Paddling Southern Idaho


By: Dallin C. Moon, Published: May2008

When I tell friends who live outside the area that Southern Idaho offers a display of beautiful scenery, they give me a strange look. “Southern Idaho?” they scoff. “Isn’t Southern Idaho just covered with sagebrush?”

Of course, outsiders only know the view of Southern Idaho from the freeway. Comments like this should make us locals happy, because we know the freeway view is protecting Southern Idaho’s abundant beauty from becoming overpopulated.

When a friend says, “Isn’t Southern Idaho just covered with sagebrush?” I chuckle to myself, load up my truck, and take a short drive to some spectacular, even majestic views. One of my frequent adventures is paddling along the Snake River. While many motorboat and jet skiing locations are well-known, paddle trips can offer a more serene experience and scenic perspective.

Here are five favorite paddling trips within a short drive from anywhere in Southern Idaho. As with any outdoors adventure, remember to wear sunscreen and carry plenty of water. Generally, shade is limited along the Snake River, and the paddling trips can take several hours.

Pillar Falls

On an average day, thousands of people drive across the I.B. Perrine Bridge. Only very few travel under the bridge, nearly 500 feet below. One of the more spectacular sites of the trip to Pillar Falls is paddling directly underneath this part of Idaho’s history.

The Pillar Falls paddle trip begins at Centennial Park. To arrive, turn off Blue Lakes Blvd. onto Canyon Springs Road (just north of Costco). This road quickly descends into the canyon. On the waterfront is Centennial Park, a good place to have a picnic before or after the trip. A boat ramp and docks provide easy access to the water.

While paddling east and upriver, the first noticeable feature is the majestic Perrine Bridge on the horizon. As paddlers travel under the bridge, they will find a short strip of shade provided by the bridge itself. You might get a unique view of BASE jumpers leaping off the bridge, releasing their colorful parachutes, and descending to a safe spot on the south side of the river.

What makes this trip unique is the wilderness experience you will enjoy so close to the city. You might see geese flying overhead or prairie falcons and eagles circling in the air. I have even seen a small doe exit the trees to get a drink of water and then nervously leap back into safety. Paddlers enjoy an uninterrupted experience amidst the massive 500-foot canyon walls.

Reaching Pillar Falls takes nearly two hours. It’s 1.5 miles upstream from the Perrine Bridge, preceded by several bends in the river. Pillar Falls was named such because of the 100-foot tall Rhyolite columns which rise out of the riverbed, creating the falls. The portage of Pillar Falls has a green grove of trees and excellent spots to dock the boats and rest.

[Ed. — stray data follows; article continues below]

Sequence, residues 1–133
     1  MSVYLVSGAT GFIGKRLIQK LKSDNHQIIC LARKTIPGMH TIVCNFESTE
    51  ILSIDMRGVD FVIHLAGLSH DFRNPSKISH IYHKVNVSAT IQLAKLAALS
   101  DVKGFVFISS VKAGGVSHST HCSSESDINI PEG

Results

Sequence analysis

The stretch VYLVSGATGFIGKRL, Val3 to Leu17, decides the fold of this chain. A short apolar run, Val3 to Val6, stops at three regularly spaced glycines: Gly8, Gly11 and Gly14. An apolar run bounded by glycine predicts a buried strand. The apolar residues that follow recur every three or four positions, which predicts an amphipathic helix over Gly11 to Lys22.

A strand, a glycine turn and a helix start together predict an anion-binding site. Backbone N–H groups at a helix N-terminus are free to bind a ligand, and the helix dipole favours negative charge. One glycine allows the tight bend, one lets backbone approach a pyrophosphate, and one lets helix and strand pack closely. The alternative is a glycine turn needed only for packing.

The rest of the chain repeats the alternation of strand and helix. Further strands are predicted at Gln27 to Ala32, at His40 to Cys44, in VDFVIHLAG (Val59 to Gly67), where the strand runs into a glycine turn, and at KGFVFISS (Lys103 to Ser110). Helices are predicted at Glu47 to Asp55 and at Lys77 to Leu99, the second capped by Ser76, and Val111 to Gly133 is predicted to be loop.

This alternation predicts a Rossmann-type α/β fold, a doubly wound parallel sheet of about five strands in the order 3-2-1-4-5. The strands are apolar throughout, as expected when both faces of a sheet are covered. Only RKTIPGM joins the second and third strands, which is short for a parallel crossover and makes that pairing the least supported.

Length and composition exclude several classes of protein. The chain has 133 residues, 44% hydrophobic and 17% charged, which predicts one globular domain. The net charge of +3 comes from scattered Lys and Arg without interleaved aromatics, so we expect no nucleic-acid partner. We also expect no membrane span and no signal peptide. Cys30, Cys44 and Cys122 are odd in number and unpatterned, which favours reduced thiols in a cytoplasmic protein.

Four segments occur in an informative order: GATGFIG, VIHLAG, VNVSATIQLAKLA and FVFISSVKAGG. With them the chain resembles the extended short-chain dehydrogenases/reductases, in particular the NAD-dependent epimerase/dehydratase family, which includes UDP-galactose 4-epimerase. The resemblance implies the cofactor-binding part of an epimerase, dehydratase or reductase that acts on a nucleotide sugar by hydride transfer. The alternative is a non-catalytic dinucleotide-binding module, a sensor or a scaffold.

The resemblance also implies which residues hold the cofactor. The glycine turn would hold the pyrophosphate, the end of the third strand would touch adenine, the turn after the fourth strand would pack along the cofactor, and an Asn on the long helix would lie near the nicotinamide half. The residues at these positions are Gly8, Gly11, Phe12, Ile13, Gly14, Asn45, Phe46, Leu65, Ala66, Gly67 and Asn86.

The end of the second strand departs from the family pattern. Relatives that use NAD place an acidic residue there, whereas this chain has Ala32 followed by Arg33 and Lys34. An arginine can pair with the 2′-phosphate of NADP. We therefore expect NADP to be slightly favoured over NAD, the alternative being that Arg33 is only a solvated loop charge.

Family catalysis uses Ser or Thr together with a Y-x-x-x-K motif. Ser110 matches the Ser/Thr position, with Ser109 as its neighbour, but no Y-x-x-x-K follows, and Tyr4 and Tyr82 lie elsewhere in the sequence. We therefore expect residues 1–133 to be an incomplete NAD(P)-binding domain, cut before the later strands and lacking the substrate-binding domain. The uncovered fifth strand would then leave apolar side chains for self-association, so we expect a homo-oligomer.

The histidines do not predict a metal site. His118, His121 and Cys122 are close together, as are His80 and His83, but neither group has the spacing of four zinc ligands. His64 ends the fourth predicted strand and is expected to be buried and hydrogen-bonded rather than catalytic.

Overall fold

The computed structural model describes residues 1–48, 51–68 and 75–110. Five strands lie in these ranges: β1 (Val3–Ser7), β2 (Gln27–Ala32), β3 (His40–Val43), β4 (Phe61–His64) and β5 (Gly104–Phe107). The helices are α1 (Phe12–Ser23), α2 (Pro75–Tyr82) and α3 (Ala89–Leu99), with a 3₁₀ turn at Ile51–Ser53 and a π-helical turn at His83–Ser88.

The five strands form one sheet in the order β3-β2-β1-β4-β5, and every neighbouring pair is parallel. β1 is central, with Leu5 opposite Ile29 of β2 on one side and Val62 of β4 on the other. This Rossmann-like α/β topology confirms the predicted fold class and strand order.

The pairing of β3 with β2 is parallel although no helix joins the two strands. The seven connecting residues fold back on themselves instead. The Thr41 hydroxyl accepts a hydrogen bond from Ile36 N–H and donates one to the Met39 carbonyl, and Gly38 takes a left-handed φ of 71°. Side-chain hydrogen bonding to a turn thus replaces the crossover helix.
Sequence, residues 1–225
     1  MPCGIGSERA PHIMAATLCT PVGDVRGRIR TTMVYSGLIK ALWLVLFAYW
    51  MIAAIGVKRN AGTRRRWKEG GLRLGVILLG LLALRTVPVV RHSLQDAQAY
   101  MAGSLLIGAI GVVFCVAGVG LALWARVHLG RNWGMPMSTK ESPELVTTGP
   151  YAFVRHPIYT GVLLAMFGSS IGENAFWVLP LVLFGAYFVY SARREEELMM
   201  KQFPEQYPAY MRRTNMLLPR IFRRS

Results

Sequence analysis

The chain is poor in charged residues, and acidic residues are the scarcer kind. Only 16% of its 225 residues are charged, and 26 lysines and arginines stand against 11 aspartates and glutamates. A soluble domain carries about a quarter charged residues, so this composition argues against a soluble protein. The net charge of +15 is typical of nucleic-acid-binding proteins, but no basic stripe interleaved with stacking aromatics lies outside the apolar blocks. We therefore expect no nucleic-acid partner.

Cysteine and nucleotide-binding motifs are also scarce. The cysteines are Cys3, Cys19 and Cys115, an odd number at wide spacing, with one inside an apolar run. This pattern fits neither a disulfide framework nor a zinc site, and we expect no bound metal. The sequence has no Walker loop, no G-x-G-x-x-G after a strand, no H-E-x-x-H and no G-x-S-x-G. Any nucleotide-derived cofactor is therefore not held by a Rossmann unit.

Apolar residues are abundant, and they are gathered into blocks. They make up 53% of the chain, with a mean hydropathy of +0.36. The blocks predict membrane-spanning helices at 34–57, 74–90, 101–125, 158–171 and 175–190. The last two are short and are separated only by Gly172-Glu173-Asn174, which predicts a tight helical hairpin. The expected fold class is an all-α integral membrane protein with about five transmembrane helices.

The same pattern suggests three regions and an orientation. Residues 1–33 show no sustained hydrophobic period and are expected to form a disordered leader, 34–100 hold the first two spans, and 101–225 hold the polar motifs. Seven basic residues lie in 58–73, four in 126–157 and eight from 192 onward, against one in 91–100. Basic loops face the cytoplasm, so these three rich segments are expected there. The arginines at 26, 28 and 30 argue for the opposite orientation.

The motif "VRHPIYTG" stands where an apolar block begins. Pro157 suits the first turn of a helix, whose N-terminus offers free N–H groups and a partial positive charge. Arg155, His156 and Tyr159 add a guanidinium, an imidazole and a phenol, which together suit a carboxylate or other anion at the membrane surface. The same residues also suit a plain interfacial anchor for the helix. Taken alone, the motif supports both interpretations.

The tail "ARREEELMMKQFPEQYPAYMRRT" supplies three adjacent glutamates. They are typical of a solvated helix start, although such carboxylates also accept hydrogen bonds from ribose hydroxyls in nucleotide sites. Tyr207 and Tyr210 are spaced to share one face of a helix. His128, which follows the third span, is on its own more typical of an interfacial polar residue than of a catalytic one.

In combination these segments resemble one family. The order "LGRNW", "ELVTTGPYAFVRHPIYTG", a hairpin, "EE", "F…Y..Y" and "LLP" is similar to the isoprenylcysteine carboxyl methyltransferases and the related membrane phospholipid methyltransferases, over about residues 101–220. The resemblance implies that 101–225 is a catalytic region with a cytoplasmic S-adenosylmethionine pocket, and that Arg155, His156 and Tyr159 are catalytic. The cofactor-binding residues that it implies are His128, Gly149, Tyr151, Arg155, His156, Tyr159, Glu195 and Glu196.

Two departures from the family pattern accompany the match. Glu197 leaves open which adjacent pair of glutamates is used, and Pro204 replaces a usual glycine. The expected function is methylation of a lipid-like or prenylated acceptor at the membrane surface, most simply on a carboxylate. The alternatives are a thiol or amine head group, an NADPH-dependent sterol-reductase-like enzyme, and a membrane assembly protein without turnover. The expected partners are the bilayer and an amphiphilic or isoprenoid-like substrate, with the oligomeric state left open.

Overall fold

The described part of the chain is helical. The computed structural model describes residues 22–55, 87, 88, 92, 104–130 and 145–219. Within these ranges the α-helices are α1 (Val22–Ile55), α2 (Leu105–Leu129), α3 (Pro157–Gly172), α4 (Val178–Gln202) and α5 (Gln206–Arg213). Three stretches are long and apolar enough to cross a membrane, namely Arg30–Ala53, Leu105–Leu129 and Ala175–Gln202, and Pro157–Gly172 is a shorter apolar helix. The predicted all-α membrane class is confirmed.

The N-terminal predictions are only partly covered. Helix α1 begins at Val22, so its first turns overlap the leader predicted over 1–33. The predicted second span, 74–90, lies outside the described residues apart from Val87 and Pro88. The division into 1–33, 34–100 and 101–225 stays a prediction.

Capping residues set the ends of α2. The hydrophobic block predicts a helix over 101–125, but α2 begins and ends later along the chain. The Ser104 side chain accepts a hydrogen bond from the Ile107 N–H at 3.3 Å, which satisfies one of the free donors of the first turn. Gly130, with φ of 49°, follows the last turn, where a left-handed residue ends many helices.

After stopping for a short break to view the falls, if a trip to Shoshone Falls is not in the schedule, then head back to Centennial Park. If planned accordingly, the sun will set just behind the Perrine Bridge. Floating along the glass-smooth water during the evening while watching the sunset behind the canyon walls is an unforgettable Southern Idaho sight. Pillar Falls is the halfway point for the Shoshone Falls trip.

Shoshone Falls

Taller than Niagara Falls, Shoshone Falls is a 212 foot drop. This view can only be accessed from a canoe or kayak.

Continuing past Pillar Falls, you can navigate up the Snake River for a rare view of Shoshone Falls. The massive 212-foot waterfall is one of the most sensational sights along the Snake River. It is best viewed during the spring when water flows are high.

Indeed, reaching Shoshone Falls by canoe or kayak offers the paddler a unique perspective of this geological wonder; however, it is no easy feat and should only be attempted by advanced paddlers. Because Pillar Falls cannot be negotiated, paddlers must carry their canoes to another launch point above Pillar Falls. There are accessible paths to do this, but please take extreme caution, especially with children. The water flowing through the rocks is dangerous. Hundreds of years of water pressure has cut deep ridges under the rock and can trap anyone who falls in.

The trip to Shoshone Falls continues where paddlers can re-enter the water above Pillar Falls. Paddle up the river around several bends and watch as the 900-foot wide cascade comes into view. The massive waterfall crashes into the river below, sending thousands of gallons of water downriver and filling the air with a cool mist. It is safe, but keep out of harm’s way. From this view, the reasons for not getting too close are more apparent than ever.

The entire trip to Shoshone Falls can take four to six hours. Bring plenty of drinking water.